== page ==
Lawmakers get back to work |

Lawmakers get back to work

Susan Wood

It’s a new day in Sacramento. Two California veteran lawmakers representing the Lake Tahoe constituency appear eager to hit the ground running over the next two years.

In the case of Assemblyman Tim Leslie, R-Tahoe City, he has no choice. Limits on service will term him out in two years. Therefore, he wants to make the most of his time.

His final term began Monday, along with his colleagues from the Senate and Assembly.

Between the Assembly and Senate, Leslie has served the state for 18 years.

“They’re calling me dean now,” Leslie said just an hour before the swearing-in ceremony noon Monday. The assemblyman added he planned to take a picture of his first swearing in with his family to the floor Monday to remind him of who he’s working for.

Leslie has a wish list – with one large priority affecting the lake.

“One thing I want to accomplish relative to Lake Tahoe is to carry out the fire services plan. I want to see that tremendous effort to its conclusion,” he said, referring to the Healthy Forest Restoration Act. The state-federal cooperative initiative signed into law by President Bush a year ago this month has prioritized reducing wildfire danger by cleaning up debris and cutting dying trees that serve as fuel.

The California Department of Forestry and Fire Prevention is due to approve the plan and take it to the federal government for funding – perhaps a bigger hurdle in Leslie’s eyes.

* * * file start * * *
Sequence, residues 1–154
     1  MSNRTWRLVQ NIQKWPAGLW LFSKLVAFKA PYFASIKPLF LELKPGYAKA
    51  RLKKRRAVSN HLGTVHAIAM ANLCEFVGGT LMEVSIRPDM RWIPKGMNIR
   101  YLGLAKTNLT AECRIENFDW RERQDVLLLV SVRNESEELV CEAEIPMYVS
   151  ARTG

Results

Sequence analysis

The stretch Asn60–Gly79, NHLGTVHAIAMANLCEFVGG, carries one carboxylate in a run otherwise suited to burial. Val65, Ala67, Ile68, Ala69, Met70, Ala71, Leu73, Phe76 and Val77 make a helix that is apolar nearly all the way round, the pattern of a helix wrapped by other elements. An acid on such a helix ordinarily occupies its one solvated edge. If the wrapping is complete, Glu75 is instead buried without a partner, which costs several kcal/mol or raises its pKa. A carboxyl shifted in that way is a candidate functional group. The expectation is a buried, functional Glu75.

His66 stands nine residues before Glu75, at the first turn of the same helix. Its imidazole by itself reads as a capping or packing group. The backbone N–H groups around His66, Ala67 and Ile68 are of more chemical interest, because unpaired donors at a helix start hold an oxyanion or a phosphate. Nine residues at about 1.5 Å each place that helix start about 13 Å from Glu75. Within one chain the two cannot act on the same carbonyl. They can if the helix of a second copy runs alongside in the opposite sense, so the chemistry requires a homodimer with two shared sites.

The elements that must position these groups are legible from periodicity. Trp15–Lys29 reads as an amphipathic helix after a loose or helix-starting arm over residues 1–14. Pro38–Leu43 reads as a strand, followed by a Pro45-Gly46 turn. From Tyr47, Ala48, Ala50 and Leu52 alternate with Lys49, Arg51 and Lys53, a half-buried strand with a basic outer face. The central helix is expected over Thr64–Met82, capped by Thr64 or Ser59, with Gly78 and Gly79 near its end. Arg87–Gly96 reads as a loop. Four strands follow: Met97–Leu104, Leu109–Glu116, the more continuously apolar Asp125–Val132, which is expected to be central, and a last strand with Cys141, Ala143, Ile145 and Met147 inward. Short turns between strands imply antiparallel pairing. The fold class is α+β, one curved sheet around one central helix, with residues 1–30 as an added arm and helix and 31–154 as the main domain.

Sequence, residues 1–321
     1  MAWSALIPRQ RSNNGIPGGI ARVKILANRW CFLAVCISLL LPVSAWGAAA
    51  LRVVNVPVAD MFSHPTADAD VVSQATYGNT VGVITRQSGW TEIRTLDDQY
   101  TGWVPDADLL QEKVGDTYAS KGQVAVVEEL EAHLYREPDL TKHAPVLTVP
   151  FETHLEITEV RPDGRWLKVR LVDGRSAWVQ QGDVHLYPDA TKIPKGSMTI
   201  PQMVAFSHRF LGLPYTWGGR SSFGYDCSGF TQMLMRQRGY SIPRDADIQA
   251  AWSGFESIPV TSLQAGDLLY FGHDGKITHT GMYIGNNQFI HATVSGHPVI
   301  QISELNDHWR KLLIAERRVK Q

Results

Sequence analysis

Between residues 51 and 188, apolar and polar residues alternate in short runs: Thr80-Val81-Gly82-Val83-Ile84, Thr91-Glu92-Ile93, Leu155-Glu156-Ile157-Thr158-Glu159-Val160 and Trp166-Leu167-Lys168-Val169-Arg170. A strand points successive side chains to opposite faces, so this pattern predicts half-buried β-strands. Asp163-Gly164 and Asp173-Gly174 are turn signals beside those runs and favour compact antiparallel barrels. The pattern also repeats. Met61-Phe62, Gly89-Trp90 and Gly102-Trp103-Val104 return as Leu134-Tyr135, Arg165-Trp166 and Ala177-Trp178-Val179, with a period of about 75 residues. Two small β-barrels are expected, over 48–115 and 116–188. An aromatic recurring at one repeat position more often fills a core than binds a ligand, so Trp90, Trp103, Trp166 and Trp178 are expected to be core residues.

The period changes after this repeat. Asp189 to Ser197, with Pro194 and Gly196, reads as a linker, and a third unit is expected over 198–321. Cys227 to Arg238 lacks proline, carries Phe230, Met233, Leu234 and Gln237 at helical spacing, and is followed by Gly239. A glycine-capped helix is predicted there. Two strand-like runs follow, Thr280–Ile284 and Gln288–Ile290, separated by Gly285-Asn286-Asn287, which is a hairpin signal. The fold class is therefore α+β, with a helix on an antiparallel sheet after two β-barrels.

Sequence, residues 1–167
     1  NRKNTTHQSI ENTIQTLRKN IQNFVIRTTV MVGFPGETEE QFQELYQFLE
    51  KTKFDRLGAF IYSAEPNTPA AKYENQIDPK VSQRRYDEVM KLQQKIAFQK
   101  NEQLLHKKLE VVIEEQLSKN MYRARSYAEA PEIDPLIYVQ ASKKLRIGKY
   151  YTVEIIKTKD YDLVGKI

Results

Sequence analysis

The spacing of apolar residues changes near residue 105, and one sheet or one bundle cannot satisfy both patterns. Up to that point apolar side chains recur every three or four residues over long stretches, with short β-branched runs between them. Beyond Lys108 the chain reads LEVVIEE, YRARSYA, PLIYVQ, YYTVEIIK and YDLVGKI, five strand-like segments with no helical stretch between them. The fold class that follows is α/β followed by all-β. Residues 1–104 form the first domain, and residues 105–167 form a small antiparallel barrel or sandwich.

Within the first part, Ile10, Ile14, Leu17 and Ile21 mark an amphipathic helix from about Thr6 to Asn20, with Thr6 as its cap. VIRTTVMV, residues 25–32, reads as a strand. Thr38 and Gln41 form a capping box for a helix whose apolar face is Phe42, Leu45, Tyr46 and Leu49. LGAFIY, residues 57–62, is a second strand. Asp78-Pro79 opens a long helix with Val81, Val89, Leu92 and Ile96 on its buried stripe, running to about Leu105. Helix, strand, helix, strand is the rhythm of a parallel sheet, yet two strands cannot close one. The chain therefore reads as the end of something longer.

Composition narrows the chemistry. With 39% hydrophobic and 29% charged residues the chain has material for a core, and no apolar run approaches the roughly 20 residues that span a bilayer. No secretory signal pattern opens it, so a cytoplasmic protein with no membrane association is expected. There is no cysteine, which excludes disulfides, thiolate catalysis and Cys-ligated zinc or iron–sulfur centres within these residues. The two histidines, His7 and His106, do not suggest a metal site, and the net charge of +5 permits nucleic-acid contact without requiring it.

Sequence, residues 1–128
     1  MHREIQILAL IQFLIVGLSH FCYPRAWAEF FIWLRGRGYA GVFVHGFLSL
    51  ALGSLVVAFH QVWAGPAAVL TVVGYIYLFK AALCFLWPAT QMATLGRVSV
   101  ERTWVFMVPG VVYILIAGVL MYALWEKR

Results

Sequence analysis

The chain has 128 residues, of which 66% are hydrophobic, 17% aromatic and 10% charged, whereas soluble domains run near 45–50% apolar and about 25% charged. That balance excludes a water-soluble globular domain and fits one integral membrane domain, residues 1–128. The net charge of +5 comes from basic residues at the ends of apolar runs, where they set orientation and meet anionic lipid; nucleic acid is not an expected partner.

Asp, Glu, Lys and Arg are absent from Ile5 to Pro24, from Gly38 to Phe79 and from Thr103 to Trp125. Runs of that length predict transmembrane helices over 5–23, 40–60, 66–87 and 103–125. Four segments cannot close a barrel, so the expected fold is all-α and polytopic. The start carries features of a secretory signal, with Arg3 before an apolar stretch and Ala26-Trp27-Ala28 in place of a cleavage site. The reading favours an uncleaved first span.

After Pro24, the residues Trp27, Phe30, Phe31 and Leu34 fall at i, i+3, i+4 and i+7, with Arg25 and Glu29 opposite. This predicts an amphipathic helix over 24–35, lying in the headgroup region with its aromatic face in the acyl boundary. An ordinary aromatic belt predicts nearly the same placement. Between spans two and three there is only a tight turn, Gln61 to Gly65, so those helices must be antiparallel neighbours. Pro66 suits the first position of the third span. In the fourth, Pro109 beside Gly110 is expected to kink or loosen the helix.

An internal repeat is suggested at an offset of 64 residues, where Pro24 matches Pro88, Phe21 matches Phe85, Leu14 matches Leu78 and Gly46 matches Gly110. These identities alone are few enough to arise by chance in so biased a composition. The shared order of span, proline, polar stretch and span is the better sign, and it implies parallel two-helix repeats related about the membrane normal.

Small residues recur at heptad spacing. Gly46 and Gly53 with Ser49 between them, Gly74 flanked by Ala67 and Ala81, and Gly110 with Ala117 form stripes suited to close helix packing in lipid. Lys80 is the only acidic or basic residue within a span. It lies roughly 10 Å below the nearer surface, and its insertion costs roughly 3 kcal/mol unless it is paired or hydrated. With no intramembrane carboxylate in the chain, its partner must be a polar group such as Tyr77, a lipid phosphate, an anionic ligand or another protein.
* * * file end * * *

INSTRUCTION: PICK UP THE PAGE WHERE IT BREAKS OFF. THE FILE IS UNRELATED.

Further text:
“We’re hearing the ‘ABC’ mentality in Washington – anywhere but California,” he said, concerned the western state will play second fiddle up to the partisan machine known as The District, Washington, D.C.

“It’s time for the federal government to fund the work to be done,” he said.

As for Sacramento, state lawmakers are expected to see bills reintroduced that were either voted down in the last session or vetoed by Gov. Arnold Schwarzenegger.

For example, Leslie predicts a bill to allow illegal immigrant drivers to apply for a driver’s license will return to the floor. He would vote against such an effort.

“But if there were a federal program, I might support that. Then, you know who they are. We need to put some common sense back into governing,” he said.

In addition, Leslie joined his counterpart – Sen. Dave Cox, R-Fair Oaks, in pledging to vote against another effort to push through hiking the minimum wage to $7.75 an hour.

Cox’s press secretary, Peter Demarco, said the senator agrees with Leslie on the state deserving laws that bring about common sense to governing.

“He doesn’t support the minimum wage increase. The fact is, California has the highest (at $7.25), and the hike would be another burden on small business – particularly in resort communities,” Demarco said. “We need to improve our economy – particularly in the tourism industry. He’ll continue to work with the governor to help strengthen it.”

Demarco was unsure when Cox would come to the lake, but he said it would be “sooner rather than later.”

Cox was first elected to the State Assembly in November 1998. The voters returned him to the Assembly in 2000 and again in 2002 for his third term.

Prior to public office, Cox served for six years on the Sacramento County Board of Supervisors.

He and his wife, Maggie, raised three children.

– Susan Wood can be reached at (530) 542-8009 or via e-mail at

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